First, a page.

Freedom of information requests

A number of educational institutions that we act for have received freedom of information requests. If a response to the request must be given, the information provided by the educational institution will be published and anyone can gain access to that information.

Publicly available information can be prejudicial in certain respects, for example publishing certain information could restrict debate on a particularly important issue for an institution. Due to this, our clients often look at the exemptions contained in the Freedom of Information Act in order to avoid publishing information.

One particular exemption an educational institution may be able rely on is contained in section 36 of the Freedom of Information Act, which states that a response to a request need not be provided where releasing information would cause “prejudice to the effective conduct of public affairs”. It can be applied where disclosure of the information “would or would be likely to inhibit the free and frank provision of advice or … exchange of views for the purposes of deliberation”. 

A straightforward example to illustrate where this exemption could apply is in the context of a maintained school and its governing body. If a governing body were to have a meeting to discuss if the school should convert to an academy,  it is likely to be the case that minutes are made of the meeting upon which a freedom of information request could be used so that a member of the public and the wider world could see them. However, it could certainly be argued for the purposes of the exemption detailed above that publishing such minutes would prevent or inhibit free and frank discussion, as the governing body may be concerned that what they say in any further meeting would become public.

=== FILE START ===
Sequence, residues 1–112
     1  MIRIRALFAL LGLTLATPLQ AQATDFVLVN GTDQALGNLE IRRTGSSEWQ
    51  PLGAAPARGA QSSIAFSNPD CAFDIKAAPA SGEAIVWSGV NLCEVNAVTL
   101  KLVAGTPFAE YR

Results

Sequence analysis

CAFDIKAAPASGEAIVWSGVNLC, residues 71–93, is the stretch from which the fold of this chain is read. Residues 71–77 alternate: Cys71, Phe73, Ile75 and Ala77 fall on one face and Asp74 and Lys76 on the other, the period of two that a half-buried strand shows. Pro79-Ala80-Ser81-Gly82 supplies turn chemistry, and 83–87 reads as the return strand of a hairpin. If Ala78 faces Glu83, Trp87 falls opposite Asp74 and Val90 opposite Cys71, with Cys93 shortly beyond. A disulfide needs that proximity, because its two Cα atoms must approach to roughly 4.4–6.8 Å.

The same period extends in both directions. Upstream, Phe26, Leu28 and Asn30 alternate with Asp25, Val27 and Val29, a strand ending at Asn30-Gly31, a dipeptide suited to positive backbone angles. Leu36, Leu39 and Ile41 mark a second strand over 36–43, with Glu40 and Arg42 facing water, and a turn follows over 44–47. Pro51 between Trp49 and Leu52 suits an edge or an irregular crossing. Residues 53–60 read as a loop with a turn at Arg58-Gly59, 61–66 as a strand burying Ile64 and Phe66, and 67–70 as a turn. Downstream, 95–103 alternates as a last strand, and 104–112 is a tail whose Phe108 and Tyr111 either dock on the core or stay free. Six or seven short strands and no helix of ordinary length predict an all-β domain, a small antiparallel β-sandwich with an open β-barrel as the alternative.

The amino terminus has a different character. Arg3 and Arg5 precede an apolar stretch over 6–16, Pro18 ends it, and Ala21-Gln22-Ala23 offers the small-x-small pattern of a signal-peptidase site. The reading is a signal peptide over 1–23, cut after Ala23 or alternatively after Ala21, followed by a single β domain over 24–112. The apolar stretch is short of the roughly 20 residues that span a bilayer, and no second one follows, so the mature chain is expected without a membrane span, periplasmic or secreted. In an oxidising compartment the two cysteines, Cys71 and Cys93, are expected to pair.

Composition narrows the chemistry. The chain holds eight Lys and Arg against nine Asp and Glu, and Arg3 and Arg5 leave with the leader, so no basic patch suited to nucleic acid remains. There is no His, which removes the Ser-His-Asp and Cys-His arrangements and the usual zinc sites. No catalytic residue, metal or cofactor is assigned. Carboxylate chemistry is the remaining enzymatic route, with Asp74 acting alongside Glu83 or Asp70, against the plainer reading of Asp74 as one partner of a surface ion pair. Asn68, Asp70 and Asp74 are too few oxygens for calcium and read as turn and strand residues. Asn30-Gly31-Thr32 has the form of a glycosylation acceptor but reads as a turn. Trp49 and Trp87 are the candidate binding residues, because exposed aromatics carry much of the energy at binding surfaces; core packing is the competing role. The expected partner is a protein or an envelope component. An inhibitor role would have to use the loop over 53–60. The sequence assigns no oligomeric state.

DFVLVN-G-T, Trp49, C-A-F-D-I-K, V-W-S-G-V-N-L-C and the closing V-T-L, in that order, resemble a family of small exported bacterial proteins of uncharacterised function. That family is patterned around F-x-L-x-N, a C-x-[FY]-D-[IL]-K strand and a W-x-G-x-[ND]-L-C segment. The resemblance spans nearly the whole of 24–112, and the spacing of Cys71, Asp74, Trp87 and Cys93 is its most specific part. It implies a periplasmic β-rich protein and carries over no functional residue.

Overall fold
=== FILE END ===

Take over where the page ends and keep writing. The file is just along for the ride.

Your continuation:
In order to rely on the exemption, a qualified person for an educational institution must give their reasonable opinion as to why the exemption should be applied.  For the purpose of a maintained school, the qualified person is the Chair of the governing body and, for academies, it is the Chair of the Board of Directors or the proprietor of the academy.

If you would like to discuss freedom of information requests or the exemptions under the Freedom of Information Act with an education law solicitor, please do not hesitate to contact me.

The contents of this article are intended for general information purposes only and shall not be deemed to be, or constitute legal advice. We cannot accept responsibility for any loss as a result of acts or omissions taken in respect of this article.